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The Yin nature of the Rabbit encourages us to move from our hearts and to stay open to the flow of the Universe.

This Sunday is Chinese New Year.
Yin Rabbit which begins with great aspirations and luck known as the black rabbit/Kidney/Bladder/Winter/Yin = black
The Yin Rabbit is considered a fertility symbol, which makes 2023 also a powerful year to not only start new business ventures, but also, beneficial for those looking to have children, as well as, for people to move in new directions in life.
It's incredibly powerful, so please this Friday - clean, declutter, write want you want to leave behind (burn) and manifest your goals going forward....
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"According to legend, Chinese New Year started with a mythical beast called the Nian (a beast that lives under the sea or in the mountains) during the annual Spring Festival. The Nian would eat villagers, especially children in the middle of the night.
One year, all the villagers decided to hide from the beast. An older man appeared before the villagers went into hiding and said that he would stay the night and would get revenge on the Nian. The old man put red papers up and set off firecrackers. The day after, the villagers came back to their town and saw that nothing had been destroyed. They assumed that the old man was a deity who came to save them. The villagers then understood that Yanhuang had discovered that the Nian was afraid of the color red and loud noises.
Then the tradition grew when New Year was approaching, and the villagers would wear red clothes, hang red lanterns, and red spring scrolls on windows and doors and used firecrackers and drums to frighten away the Nian. From then on, Nian never came to the village again. The Nian was eventually captured by Hongjun Laozu, an ancient Taoist monk.
In ancient times, there is a monster named sui (祟) which comes out on New Year's Eve and touches the heads of sleeping children. The child will be frightened by the touch and wake up and have a fever. The fever eventually will cause the child to have intellectual disabilities. Hence, families will light up their homes and stay awake, leading to a tradition of 守祟, to guide against sui from harming their children.
A folklore tale of sui is about an elderly couple with a precious son. On the night of New Year's Eve, since they were afraid that sui would come, they took out eight pieces of copper coins to play with their son in order to keep him awake. Their son was very sleepy, however, so they let him go to sleep after placing a red paper bag containing the copper coins under the child's pillow. The two older children also stayed with him for the whole night. Suddenly, the doors and windows were blown open by a strange wind, and even the candlelight was extinguished. It turned out to be a sui. When the sui was going to reach out and touch the child's head, the pillow suddenly brightened with the golden light, and the sui was scared away, so the exorcism effect of "red paper wrapped copper money" spread in the past China[103] (see also Chinese numismatic charms). The money is then called “ya sui qian (壓歲錢)”, the money to suppress sui.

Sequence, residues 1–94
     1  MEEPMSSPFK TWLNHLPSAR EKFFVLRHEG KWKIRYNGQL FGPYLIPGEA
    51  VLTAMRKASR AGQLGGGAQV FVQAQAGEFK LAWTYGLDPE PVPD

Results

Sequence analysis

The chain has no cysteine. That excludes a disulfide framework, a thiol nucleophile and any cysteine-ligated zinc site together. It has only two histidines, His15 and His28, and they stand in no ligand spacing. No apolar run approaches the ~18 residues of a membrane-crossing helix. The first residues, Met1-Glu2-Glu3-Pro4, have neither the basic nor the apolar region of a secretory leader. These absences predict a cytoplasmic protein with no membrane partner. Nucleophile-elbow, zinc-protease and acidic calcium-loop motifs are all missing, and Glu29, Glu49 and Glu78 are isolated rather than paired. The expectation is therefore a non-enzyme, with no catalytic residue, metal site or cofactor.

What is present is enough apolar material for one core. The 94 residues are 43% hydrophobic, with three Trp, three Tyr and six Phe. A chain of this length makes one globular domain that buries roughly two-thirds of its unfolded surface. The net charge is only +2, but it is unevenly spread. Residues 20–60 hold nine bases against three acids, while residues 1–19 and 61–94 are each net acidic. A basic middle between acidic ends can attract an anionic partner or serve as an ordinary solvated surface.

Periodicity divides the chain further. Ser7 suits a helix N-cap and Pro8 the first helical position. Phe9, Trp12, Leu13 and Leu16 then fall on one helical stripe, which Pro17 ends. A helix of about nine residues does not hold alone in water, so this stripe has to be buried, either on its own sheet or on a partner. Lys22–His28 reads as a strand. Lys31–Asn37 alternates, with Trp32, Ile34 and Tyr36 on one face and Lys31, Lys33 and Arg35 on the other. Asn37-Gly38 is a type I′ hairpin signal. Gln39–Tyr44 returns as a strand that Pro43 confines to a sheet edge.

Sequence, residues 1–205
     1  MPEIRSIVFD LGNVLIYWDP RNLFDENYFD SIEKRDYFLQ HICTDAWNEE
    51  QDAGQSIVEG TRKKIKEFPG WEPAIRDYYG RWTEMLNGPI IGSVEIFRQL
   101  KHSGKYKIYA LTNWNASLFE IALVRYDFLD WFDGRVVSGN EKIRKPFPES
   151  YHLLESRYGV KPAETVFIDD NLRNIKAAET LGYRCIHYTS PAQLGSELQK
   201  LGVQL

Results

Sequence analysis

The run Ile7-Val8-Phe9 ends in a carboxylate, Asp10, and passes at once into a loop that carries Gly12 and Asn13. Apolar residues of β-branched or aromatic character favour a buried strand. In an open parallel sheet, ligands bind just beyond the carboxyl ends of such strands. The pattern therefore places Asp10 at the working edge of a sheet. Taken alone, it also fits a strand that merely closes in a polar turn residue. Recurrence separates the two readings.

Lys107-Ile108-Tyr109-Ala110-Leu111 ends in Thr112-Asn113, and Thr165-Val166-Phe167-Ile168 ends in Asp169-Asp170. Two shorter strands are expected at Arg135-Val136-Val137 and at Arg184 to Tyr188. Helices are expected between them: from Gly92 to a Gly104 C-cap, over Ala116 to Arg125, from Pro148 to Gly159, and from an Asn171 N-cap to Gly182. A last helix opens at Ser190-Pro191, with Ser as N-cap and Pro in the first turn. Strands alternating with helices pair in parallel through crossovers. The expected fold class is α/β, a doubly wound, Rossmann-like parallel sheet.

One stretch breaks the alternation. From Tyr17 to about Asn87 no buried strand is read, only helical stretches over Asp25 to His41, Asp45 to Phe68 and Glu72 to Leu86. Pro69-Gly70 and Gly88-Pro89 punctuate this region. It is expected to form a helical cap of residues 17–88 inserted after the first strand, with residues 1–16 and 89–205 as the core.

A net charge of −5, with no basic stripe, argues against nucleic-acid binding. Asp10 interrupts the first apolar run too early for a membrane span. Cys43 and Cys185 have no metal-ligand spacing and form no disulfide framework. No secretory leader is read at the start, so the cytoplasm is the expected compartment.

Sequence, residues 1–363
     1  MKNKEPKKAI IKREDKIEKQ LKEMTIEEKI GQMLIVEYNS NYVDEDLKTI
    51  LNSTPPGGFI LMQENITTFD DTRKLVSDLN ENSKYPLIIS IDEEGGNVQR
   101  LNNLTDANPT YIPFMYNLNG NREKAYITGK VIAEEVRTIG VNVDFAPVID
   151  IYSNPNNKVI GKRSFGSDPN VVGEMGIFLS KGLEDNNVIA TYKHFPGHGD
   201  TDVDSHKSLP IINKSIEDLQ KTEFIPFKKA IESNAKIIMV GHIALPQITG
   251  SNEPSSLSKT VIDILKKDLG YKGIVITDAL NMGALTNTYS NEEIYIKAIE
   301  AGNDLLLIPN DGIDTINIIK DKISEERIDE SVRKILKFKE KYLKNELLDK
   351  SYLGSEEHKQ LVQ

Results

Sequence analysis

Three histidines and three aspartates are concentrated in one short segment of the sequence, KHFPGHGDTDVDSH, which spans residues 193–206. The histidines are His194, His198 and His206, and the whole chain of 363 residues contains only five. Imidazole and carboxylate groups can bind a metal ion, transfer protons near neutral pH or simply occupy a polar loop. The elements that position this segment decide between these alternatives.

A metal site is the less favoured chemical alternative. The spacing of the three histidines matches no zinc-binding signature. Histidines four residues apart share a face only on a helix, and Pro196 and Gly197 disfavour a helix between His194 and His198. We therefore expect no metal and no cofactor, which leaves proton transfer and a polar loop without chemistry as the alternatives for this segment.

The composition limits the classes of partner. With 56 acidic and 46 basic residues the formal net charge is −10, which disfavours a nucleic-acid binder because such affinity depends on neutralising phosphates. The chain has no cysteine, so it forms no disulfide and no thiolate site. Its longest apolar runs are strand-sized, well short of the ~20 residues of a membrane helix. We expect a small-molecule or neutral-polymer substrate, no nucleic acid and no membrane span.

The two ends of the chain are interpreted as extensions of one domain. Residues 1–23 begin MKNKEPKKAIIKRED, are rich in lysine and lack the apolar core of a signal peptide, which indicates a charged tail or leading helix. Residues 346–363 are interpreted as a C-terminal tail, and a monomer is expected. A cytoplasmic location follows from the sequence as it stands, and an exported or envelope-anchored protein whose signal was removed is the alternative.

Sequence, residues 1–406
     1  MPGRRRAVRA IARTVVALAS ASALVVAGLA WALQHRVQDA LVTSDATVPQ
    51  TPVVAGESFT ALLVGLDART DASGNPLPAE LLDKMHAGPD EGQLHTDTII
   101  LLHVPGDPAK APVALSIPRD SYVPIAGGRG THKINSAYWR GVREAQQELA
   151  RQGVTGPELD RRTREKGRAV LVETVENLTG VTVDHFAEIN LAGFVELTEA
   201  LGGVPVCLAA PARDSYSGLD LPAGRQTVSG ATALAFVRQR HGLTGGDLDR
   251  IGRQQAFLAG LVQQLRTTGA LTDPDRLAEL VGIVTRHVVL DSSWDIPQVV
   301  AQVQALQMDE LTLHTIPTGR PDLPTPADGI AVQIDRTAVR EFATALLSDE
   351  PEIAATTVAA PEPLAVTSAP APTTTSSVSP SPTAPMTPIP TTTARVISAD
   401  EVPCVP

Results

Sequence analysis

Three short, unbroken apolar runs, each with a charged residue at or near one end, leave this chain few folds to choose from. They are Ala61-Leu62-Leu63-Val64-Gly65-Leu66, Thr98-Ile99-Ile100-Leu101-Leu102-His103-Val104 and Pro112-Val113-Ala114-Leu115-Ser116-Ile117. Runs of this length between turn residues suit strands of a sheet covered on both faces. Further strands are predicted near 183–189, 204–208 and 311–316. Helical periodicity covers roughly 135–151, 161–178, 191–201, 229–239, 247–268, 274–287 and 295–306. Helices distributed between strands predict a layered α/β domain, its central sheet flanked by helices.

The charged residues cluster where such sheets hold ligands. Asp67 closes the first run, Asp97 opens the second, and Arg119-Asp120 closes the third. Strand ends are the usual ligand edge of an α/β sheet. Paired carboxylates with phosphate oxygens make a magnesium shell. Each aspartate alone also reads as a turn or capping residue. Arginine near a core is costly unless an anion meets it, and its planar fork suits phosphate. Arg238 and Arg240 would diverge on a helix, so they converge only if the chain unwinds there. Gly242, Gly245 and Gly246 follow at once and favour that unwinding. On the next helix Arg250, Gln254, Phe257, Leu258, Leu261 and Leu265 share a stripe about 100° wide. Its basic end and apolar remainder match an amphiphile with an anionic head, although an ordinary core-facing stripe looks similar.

Another tale is that a huge demon was terrorising a village and there was nobody in the village who was able to defeat the demon; many warriors and statesmen had tried with no luck. A young orphan stepped in, armed with a magical sword that was inherited from his ancestors, and battled the demon, eventually killing it. Peace was finally restored to the village, and the elders all presented the brave young man with a red envelope filled with money to repay the young orphan for his courage and for ridding the village of the demon."
"As with all cultures, Chinese New Year traditions incorporate elements that are symbolic of deeper meaning. One common example of Chinese New Year symbolism is the red diamond-shaped fu characters (Chinese: 福; pinyin: fú; Cantonese Yale: fuk1; lit. 'blessings, happiness'), which are displayed on the entrances of Chinese homes. This sign is usually seen hanging upside down, since the Chinese word dao (Chinese: 倒; pinyin: dào; lit. 'upside down'), is homophonous or nearly homophonous with (Chinese: 到; pinyin: dào; lit. 'arrive') in all varieties of Chinese. Therefore, it symbolizes the arrival of luck, happiness, and prosperity.
For the Cantonese-speaking people, if the fu sign is hung upside down, the implied dao (upside down) sounds like the Cantonese word for "pour", producing "pour the luck [away]", which would usually symbolize bad luck; this is why the fu character is not usually hung upside-down in Cantonese communities.